This student recounted how in his youth he had worked summers for a man who solicited clients for his re-roofing services by going door to door in the rural south. The student explained to us that this business man-of-one for whom he worked told him it was a waste of time asking people whose roofs were deteriorated if they wanted to contract for a new roof, because obviously, as demonstrated by the condition of their roofs, they were too poor to afford a new roof. It was more profitable, business-wise, to sell someone who already had a decently appearing roof a newer one, since he could likely afford a new roof.

Most people by now have seen the report that 47% of American households pay no income tax - that nearly half of the population rides on the back of the other half, against whose income is charged the costs for the expenditures of the U.S. government.

Columnist Mark Steyn quotes these statistics: “The [mere] top 5 percent of taxpayers contribute 60 percent of revenue. The top 10 percent provide 75 percent. Another 40-odd percent make up the rest. And half are exempt.”

So, where will the money be acquired to fund the increasing cost of entitlements, further compounded by health care obligations?

The poor don’t have enough money to tax significantly. Neither do the wealthy, there aren’t enough of them. You’re probably familiar with the statement that if the government confiscated all of the wealth of the richest 1% of Americans, it wouldn’t even fund the expenditures of the government for one day.

No, the group most capable of providing the means through taxation to fund Washington’s incessant appetite for greater and greater spending is the middle class, let’s call them “new roofers” for the sake of descriptive simplicity.

The President promised that those making under $250,000 per year would not see their taxes increased one thin dime, I believe was his terminology. Since average national income has dropped 3.2% since his election, that promise is helpful, if not entirely reassuring, speaking from a “new roofer’s” point of view.

Friday, April 9, 2010

The Essential Serious Tone and Posture

Two minute video. Far too many interviews with notable people are just like this. Pick your own analogous situation - politicians caught in scandal, the Fed under examination for its monetary practices, teenagers with dog-eaten homework excuses - they often end up sounding about as credible as this.

Thursday, April 8, 2010

Grammar & Punctuation, Part 3

Probably due to inadequate hand washing.

Wednesday, April 7, 2010

Tuesday, April 6, 2010

Grammar & Punctuation, Part 1

...and they say men never listen!

h/t to Skip Tucker

Monday, April 5, 2010

Looking to Take Up a New Sport

I jumped back in at playing soccer about 3 weeks ago. It was fun while it lasted, but I've again come to the conclusion that having to walk as stiffly as Frankenstein for the two or three days of needed recovery afterward is an impractical price to pay for a sport at this stage of life.

So, I'm once again searching for a more age-friendly replacement sport. No doubt my quest will lead away from wall flipping, but I would have liked to have taken a shot at it three decades ago. Have a look.

Thursday, April 1, 2010

Health Care as a Command Product

Henry Ford was reported to have said of his Model T car, "Any customer can have a car painted any color that he wants, so long as it's black." This was an economic limitation of assembly line production for reasons of efficiency (and by extension economy): Black was the fastest drying paint color.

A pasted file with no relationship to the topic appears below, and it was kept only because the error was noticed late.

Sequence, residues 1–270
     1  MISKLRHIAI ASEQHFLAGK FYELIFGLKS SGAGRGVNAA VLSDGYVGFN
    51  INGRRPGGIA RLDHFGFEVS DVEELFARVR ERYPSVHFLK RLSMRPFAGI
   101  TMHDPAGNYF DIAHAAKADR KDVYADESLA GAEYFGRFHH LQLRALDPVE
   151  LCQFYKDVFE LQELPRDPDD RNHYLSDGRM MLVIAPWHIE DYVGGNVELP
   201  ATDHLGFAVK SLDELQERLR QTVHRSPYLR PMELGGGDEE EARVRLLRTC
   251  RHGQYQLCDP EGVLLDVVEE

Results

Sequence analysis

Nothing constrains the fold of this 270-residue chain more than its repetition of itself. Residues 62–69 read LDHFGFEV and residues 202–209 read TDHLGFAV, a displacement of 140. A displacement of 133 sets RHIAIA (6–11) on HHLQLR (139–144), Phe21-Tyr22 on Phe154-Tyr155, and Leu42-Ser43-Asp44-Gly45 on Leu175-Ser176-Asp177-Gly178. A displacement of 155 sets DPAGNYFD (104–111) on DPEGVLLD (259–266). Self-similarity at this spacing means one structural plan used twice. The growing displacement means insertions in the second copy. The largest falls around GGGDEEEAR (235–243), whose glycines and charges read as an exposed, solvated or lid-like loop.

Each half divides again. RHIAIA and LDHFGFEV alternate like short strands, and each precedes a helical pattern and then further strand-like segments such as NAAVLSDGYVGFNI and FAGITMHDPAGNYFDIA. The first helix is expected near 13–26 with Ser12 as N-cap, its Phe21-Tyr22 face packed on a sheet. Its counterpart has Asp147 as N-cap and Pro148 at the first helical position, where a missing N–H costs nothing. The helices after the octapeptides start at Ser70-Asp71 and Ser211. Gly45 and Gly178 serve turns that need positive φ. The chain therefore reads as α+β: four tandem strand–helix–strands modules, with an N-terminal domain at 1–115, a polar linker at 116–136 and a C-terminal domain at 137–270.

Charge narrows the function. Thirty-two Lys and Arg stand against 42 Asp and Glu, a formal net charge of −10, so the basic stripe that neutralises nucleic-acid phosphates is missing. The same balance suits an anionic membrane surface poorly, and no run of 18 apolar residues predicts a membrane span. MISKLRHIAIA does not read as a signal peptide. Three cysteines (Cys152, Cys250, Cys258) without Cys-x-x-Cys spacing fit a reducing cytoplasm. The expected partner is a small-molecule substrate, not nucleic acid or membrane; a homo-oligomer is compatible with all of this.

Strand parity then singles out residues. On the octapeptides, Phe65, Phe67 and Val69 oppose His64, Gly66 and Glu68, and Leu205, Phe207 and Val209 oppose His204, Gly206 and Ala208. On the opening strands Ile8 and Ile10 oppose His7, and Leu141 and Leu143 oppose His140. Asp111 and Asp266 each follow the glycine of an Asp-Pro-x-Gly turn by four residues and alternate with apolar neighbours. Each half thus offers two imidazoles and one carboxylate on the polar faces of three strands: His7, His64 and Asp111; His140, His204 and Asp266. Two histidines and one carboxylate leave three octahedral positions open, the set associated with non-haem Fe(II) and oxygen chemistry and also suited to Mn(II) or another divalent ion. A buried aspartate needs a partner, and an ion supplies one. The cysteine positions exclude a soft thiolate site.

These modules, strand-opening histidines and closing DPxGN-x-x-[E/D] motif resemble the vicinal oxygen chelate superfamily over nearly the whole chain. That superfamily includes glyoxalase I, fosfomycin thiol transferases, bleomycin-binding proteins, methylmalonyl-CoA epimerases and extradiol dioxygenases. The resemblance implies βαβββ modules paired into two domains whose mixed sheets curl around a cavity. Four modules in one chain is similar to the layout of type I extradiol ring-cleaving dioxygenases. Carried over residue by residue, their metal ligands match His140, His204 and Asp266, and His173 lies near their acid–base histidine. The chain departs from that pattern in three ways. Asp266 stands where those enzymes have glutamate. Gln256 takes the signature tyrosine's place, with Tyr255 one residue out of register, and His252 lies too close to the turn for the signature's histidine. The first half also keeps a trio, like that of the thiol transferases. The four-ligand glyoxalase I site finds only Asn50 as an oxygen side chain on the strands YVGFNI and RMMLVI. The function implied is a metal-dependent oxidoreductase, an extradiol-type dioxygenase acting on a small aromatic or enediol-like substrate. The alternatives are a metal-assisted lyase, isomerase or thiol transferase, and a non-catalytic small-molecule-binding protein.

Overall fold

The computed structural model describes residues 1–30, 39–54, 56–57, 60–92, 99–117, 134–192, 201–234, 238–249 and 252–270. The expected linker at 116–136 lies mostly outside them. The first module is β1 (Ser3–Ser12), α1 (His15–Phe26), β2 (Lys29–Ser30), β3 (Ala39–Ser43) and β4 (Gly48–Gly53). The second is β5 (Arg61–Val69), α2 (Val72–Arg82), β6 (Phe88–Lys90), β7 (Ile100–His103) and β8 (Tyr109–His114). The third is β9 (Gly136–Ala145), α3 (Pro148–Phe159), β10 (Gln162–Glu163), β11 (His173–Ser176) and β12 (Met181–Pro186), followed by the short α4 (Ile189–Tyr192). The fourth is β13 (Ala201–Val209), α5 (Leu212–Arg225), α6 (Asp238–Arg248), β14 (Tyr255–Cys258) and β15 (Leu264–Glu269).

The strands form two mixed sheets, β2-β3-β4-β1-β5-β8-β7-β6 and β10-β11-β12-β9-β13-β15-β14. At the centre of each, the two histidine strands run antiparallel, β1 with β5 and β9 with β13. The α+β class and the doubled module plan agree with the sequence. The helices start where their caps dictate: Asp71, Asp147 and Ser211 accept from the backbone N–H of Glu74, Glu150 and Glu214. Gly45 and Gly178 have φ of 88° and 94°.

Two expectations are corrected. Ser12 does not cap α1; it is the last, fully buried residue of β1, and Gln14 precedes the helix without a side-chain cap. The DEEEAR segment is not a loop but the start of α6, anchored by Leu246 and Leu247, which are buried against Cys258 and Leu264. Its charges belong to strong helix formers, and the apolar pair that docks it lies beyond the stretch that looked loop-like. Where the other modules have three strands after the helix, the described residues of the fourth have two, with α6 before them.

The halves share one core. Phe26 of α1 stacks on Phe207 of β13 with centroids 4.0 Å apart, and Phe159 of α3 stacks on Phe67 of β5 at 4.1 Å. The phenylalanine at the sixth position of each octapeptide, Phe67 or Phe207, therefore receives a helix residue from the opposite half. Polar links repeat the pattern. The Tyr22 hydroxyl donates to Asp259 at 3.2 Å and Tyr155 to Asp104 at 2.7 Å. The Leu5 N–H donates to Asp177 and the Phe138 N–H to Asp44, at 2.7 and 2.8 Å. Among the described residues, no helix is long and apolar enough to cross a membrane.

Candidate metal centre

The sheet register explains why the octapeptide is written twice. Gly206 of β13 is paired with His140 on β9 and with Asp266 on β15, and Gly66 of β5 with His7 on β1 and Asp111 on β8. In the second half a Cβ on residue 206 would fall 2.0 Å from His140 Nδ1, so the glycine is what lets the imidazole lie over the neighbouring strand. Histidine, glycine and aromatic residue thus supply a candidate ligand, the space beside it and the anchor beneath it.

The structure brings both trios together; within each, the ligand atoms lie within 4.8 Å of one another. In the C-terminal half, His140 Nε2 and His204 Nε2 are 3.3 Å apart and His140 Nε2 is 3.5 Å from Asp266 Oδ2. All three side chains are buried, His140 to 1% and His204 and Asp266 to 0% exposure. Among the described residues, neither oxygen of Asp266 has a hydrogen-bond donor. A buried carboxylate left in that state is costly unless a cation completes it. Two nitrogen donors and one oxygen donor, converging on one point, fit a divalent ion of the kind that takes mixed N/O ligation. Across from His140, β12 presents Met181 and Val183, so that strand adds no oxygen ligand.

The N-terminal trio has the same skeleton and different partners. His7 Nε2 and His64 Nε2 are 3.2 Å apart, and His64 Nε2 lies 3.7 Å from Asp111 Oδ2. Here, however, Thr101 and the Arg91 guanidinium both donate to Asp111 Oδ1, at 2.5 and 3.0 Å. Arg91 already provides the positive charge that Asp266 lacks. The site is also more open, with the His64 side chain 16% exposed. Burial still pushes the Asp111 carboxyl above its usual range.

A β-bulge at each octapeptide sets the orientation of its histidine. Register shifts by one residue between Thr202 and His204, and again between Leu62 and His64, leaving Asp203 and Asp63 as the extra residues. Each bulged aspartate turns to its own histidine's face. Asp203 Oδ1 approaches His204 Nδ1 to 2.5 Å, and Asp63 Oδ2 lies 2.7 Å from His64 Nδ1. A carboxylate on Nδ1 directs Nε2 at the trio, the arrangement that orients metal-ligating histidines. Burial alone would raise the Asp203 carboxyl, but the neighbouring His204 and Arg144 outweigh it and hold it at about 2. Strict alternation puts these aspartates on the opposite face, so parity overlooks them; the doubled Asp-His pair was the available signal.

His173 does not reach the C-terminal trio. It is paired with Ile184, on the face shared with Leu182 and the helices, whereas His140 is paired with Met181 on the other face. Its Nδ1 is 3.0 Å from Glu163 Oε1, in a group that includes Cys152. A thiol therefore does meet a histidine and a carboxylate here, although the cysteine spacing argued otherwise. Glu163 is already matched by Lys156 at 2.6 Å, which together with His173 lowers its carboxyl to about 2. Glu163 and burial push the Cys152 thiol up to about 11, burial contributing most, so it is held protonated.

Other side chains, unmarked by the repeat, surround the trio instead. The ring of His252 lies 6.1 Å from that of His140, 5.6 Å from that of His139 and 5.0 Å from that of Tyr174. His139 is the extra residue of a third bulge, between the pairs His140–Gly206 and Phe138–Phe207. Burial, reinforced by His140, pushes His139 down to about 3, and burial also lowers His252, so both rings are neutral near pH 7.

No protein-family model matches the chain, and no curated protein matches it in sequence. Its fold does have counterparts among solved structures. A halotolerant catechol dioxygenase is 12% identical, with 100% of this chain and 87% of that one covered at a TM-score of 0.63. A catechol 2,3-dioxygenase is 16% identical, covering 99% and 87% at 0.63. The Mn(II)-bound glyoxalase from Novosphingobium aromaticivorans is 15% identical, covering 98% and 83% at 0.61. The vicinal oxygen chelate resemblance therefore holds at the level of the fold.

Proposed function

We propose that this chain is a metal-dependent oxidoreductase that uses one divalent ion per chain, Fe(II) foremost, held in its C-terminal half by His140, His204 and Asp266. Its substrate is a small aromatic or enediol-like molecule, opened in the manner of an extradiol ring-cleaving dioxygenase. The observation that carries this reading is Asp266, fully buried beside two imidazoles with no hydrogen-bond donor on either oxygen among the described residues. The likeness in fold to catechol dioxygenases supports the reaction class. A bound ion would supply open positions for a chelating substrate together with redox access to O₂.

Limiting available options of a product is inherently cost-efficient (cheaper & more affordable) since set-up, breakdown and modification, to use fabrication terms, are minimized. It also facilitates maintenance & administration, reducing paperwork and information flow to produce cost savings.

Ford approached the Model T as pretty much of a one-size-fits-all offering, since the assembly line and mass-production brought in the Model T at the most affordable option for the greatest number of people. Ford's early profits were realized through a broad-reaching market strategy, not a specialized one. A black, assembly-line produced car was the most affordable car.

In a free-market economy, as prosperity increases, market demand gives rise to innovative and personalized products as people can afford to obtain desired goods and services beyond mere cost criteria. A product's Increased value can demand an increased price if such value is also affordable to buyers who desire that value. This demand defines specialized markets. Responding to such demand has been somewhat characteristic of private insurance coverage - lots of options in a range of prices.

A commanded, public insurance option must necessarily be the Model T of insurance policies: The most efficient price point with limited options. Why such type of coverage cannot already be provided by private insurance companies is perplexing, unless external regulations make it impossible.

Commanded health insurance products are readily available as examples. Canada has one. So does Cuba. Canada reportedly has long treatment waiting times due to suppressing market supply through regulation and price controls. Castro's approach to caring for poor people has been to make more of them - leveling the playing field, so to speak - and spreading the wealth around until there wasn't any of it left. These are generalizations to be sure, but Canada artificially suppresses the supply of services while Cuba artificially inflates demand.

When governments try to artificially influence the supply of a scarce resource or its demand, over time the outcomes might be expected to vary from unsatisfying to disastrous. In economics, scarcity, like water, naturally seeks it's own level of equilibrium.